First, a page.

This looks a bit more involved. There’s a Java client, a connection, and a command object. And their names and templated nature suggest that there might be multiple varieties of them. Maybe in addition to a  StatefulRedisConnection<String, String> type, we have a stateless variety that takes a byte[]]? (Spoiler: there are multiple connection types for clustering and master/replica configurations, but not stateless ones.)

Once you’re beyond the setup and teardown, however, it’s the same basic code in either client: Create a connection. Use it. Close it.

Right now, for something as simple as this, Jedis looks easier. That makes sense since it has less code. But I am certain that the Lettuce software has all this stuff for a reason—probably to handle more advanced scenarios.

Jedis and multi-threaded code

Jedis can handle multi-threaded applications just fine, but a Jedis connection is not thread-safe. So don’t share them. If you share a Jedis connection across threads, Redis blurts out all sorts of protocol errors, like:

expected '$' but got ' '

To solve these sorts of problems, use JedisPool—a thread-safe object that dispenses thread-unsafe Jedis objects. Using it is simple, like the rest of Jedis. Just ask for a thread and return it to the pool via .close() when you’re done. Here it is in action:

package com.guyroyse.blogs.lettucevsjedis;

import redis.clients.jedis.*;

import java.util.List;
import java.util.Set;

public class JedisMultithreaded {

    private static final String YOUR_CONNECTION_STRING = "redis://:foobared@yourserver:6379/0";

    public static void main(String[] args) {
        JedisPool pool = new JedisPool(YOUR_CONNECTION_STRING);

        List<String> allResults = IntStream.rangeClosed(1, 5)
                .mapToObj(n -> {
                    Jedis jedis = pool.getResource();

                    jedis.set("foo" + n, "bar" + n);
                    String result = jedis.get("foo" + n);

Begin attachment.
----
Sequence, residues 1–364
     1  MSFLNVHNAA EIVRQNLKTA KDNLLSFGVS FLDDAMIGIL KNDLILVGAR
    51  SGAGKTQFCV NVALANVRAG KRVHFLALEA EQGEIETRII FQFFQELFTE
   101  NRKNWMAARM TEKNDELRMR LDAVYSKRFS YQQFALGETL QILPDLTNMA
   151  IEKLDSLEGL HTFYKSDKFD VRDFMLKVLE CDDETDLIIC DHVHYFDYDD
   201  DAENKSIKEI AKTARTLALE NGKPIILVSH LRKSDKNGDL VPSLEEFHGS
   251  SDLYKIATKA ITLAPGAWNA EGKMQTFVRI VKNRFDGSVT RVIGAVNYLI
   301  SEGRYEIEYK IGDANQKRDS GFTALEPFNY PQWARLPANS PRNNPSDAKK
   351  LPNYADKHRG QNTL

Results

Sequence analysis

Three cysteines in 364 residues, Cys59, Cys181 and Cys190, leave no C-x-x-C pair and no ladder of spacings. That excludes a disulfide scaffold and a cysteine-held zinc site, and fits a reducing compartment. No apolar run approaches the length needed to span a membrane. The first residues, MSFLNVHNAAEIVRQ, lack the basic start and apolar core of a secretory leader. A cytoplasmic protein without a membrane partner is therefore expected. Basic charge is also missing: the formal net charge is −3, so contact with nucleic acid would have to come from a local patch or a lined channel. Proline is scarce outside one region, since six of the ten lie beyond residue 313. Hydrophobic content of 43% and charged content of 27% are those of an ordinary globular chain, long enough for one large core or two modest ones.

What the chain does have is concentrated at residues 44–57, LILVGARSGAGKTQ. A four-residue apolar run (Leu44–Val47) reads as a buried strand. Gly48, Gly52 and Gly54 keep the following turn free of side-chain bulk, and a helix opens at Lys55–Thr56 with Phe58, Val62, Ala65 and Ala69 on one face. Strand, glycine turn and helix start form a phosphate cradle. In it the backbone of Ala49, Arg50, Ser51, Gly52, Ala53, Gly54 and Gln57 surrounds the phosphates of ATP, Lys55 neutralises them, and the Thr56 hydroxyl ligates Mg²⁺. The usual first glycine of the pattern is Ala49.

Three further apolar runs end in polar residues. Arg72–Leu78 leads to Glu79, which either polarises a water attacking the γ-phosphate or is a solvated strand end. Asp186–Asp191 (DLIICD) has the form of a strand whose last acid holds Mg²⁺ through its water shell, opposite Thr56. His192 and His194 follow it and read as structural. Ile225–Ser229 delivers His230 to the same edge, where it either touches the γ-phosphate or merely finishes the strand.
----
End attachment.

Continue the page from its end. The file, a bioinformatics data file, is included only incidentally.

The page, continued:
return result;


        System.out.println(allResults); // "bar1, bar2, bar3, bar4, bar5"

Each of these Jedis objects encapsulates a single connection to Redis, so (depending on how large your pool is) there may be blocking or idle connections. Furthermore, these connections are synchronous, so there’s always a degree of idleness.

Jedis, Lettuce, and clustering

I feel like I should talk about clustering, but there’s not much to say—at least in terms of comparisons. There’s plenty of capability to discuss, but both libraries support clustering. Unsurprisingly, Jedis is easier to use, but it works with clusters only synchronously. The Lettuce software is more difficult to use but is capable of synchronous, asynchronous, and reactive interaction with the cluster.

This is the recurring theme. And that shouldn’t be surprising. By its own admission, “Jedis was conceived to be EASY to use.” And Lettuce states, “Lettuce is a scalable Redis client for building non-blocking Reactive applications” right on its homepage.

Of course, if you’re using Redis Enterprise, you don’t have to worry about clustering as it’s handled server-side. Just use the non-clustered APIs of Jedis or Lettuce, manage your keys so they’re slotted to the correct shards, and you’re good to go.